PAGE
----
COVID-19 / Speaking Out

Women Living Alone Through A Global Pandemic

. 6 min read . Written by Sanjana Bhagwat
Women Living Alone Through A Global Pandemic

In a society where women still aren’t truly perceived as entities with autonomy – independent from the man and family – what does it mean to be a woman living alone during a global pandemic?

Social distancing has uprooted, or at least upturned, all of our lives. However, the experiences of someone living alone in addition to social distancing is likely to be very different from those of someone living with others under the same roof. The experiences of a woman living alone and being independent during this period are likely to be even more so.

We spoke to a few women who have been living alone and social distancing through the last few months. As they share their experiences, and tips for other women going through the same, it’s clear that these women have struggled and learned, and survived and thrived.

Virtual Connections, Flourishing Creativity, Self-Discovery, And Freedom

Khushboo, a product manager, has been living in Mumbai, away from her family in Indore, for the last 7 years. However, it wasn’t until the last few months, when her roommate left to go back home during the pandemic, that she had her first brush with living alone.

Friends and family would constantly make worried calls to Khushboo because “Arey tu waha akeli hai!” – much to her amusement. She asserts that she’d rather be locked in alone than be locked in with someone else.

Khushboo Bhandari

Given her busy schedule before the lockdown and long hours spent in travel, Khushboo would talk to her family in Indore about once a week. Over the last few months, however, she’s been talking to them daily. “I feel more connected now than I did before,” she says. “Everyone has more time on their hands. We talk on Zoom calls daily, watch movies and play games together. I have connected with members from my extended family that I didn’t even know the names of before!”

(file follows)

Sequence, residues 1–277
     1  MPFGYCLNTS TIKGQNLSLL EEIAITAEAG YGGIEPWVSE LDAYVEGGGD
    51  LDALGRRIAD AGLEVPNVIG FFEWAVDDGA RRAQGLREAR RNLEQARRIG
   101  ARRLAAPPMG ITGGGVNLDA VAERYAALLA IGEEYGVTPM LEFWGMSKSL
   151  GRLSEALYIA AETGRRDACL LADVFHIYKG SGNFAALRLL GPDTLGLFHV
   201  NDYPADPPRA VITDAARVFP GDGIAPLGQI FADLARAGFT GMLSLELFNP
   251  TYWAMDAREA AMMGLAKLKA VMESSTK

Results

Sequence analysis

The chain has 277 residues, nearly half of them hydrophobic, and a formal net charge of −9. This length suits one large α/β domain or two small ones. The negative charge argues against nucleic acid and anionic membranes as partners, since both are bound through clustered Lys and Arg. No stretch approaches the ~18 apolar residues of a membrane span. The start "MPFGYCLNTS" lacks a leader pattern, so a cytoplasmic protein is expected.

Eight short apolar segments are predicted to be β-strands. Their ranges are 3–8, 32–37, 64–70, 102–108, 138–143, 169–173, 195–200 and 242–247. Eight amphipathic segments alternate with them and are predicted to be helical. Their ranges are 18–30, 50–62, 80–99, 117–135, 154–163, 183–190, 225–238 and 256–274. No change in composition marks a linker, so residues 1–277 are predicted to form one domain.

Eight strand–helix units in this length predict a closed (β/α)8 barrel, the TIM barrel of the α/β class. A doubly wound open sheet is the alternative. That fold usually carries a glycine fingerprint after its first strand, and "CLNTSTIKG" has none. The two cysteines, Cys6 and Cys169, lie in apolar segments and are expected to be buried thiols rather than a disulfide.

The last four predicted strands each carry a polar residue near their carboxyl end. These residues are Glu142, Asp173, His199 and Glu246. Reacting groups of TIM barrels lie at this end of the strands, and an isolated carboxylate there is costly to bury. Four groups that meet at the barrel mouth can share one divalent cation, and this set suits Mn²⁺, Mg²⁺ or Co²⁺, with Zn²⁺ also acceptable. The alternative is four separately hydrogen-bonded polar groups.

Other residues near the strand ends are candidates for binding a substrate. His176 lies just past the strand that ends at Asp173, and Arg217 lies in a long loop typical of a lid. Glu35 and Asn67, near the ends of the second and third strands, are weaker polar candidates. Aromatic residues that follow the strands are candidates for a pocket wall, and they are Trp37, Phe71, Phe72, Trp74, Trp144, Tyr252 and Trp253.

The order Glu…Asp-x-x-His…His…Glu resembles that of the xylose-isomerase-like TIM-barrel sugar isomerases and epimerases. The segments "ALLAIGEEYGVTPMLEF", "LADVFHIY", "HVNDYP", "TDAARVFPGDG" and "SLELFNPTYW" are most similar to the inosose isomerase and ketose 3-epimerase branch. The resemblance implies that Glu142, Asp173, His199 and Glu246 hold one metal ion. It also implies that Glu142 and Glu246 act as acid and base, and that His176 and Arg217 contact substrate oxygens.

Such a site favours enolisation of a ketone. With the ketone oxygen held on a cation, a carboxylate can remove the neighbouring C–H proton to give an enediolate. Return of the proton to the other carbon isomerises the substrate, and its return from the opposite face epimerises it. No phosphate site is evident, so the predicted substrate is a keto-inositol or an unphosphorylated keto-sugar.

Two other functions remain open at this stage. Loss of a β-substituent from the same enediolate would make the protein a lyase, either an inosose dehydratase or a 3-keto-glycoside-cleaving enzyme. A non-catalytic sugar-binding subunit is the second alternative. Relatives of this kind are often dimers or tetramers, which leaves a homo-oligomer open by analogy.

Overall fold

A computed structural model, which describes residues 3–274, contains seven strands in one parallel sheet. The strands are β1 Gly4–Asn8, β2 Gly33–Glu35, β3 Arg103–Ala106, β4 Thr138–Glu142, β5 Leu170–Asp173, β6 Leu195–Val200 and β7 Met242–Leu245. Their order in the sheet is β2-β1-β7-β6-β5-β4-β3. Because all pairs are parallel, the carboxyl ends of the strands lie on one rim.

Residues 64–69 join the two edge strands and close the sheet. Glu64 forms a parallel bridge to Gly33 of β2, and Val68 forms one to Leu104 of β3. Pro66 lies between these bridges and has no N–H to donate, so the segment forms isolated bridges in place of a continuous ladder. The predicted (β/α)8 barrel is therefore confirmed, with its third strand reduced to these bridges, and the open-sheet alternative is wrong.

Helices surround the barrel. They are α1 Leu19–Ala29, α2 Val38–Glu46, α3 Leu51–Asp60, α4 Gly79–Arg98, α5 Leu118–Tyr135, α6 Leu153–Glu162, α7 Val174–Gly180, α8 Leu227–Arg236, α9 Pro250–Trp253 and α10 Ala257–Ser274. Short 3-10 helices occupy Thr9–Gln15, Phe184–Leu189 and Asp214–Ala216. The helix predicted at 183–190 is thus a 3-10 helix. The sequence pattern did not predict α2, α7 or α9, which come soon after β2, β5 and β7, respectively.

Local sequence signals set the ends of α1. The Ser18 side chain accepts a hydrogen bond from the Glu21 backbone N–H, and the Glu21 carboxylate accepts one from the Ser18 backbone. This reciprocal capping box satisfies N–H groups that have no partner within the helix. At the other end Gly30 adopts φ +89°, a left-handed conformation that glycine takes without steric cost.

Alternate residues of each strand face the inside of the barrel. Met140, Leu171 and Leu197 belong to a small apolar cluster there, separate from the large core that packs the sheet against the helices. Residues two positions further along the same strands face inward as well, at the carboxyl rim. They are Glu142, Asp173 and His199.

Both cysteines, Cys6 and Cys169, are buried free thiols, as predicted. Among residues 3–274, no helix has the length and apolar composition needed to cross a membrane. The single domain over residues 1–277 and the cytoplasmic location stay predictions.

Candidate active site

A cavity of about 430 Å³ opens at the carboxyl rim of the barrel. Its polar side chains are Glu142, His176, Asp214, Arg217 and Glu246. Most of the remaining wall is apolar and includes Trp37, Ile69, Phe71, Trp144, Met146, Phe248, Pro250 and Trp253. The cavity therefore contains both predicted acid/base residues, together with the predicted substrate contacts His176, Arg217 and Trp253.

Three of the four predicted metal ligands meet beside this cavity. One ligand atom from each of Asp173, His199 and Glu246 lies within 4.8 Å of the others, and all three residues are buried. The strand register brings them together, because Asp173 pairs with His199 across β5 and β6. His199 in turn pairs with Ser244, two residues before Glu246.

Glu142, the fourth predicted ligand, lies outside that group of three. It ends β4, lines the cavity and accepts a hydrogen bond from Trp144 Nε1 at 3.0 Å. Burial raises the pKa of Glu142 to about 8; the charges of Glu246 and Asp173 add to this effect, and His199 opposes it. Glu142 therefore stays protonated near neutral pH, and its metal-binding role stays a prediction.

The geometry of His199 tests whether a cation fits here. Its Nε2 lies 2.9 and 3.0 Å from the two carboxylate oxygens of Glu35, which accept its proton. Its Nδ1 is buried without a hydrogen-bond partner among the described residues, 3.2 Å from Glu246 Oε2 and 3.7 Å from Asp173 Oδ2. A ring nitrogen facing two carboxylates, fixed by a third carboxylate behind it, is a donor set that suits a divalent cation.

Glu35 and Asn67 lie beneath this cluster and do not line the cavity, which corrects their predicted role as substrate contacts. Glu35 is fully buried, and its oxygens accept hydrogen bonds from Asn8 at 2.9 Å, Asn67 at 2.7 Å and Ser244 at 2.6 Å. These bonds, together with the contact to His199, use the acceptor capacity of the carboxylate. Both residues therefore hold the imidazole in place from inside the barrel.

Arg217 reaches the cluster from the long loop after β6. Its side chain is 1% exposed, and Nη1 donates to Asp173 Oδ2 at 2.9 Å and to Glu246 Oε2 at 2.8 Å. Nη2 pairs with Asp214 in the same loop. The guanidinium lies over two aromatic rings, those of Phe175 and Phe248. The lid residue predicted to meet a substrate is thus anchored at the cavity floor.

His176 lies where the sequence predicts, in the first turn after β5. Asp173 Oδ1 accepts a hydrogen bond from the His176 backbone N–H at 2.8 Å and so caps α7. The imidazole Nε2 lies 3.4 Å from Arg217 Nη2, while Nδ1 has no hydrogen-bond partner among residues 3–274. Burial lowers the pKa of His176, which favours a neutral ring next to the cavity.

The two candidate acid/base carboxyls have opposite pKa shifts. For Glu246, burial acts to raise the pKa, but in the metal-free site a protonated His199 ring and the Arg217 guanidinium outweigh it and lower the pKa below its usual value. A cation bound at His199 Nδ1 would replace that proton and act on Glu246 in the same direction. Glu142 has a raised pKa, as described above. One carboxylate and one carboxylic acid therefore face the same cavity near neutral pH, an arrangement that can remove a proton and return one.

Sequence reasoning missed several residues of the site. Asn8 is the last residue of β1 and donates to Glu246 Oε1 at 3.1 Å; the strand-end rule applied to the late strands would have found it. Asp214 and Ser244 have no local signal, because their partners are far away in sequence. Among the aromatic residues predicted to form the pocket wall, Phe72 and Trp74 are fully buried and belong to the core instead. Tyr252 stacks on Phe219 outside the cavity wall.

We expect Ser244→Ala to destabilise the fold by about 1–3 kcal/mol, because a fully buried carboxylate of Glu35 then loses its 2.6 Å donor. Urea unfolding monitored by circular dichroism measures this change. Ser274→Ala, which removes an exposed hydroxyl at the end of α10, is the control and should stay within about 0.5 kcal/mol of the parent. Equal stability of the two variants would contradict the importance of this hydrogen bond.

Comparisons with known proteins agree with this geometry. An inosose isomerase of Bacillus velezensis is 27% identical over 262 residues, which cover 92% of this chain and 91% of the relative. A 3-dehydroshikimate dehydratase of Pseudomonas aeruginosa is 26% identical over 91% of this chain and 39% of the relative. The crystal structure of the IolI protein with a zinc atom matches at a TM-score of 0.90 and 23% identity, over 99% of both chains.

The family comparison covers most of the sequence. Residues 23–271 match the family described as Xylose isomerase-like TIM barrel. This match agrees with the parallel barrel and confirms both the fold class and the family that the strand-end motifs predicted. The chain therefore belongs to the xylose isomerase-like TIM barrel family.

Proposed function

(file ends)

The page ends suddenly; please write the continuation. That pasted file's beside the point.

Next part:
For Roopal, a writer and single mother, her 6-year-old son was living with his father when the nation-wide lockdown was implemented. She never expected to be separated from her son for this extended period of time. “We are inseparable. The mother had to learn to wean from the child,” she says.

Having anchored her life around her son for the last 6 years, she had to learn to centre her life around herself.

She found out what it was like to cook when the meal was for no one but herself, and find a method of organisation and routine that worked for her. It was odd initially, she says, to allow herself the time to discover, and the freedom to indulge in, her needs. This allowance for reflection, and for new experiences to enter her mind and space, she says, was as wonderful as it was imperative for her creativity and writing.

Dimum, a digital marketing manager and self-proclaimed introvert says that it was “a natural process of doing away with certain comforts that I had before the pandemic, while trying to maintain a semblance of the lifestyle that I had before it.” She feels comfortable and content being by herself.

Mudita, a writer, says that while she spent the initial days of lockdown watching movies and web series, she eventually turned to finding new ways to fill the excess time she had alone.

She learned to write in Punjabi, indulged in her long-harboured desire to play the flute, read voraciously, and expressed her feelings through writing. What started as mere distractions, eventually turned into fulfilling passions.

Toll On Mental And Physical Health

“It was one long perpetual PMS,” Rupal laughs when reflecting on the extreme highs and lows of the last few months. However, she believes she had to go through it all to find the rhythm and middle ground that works best for her.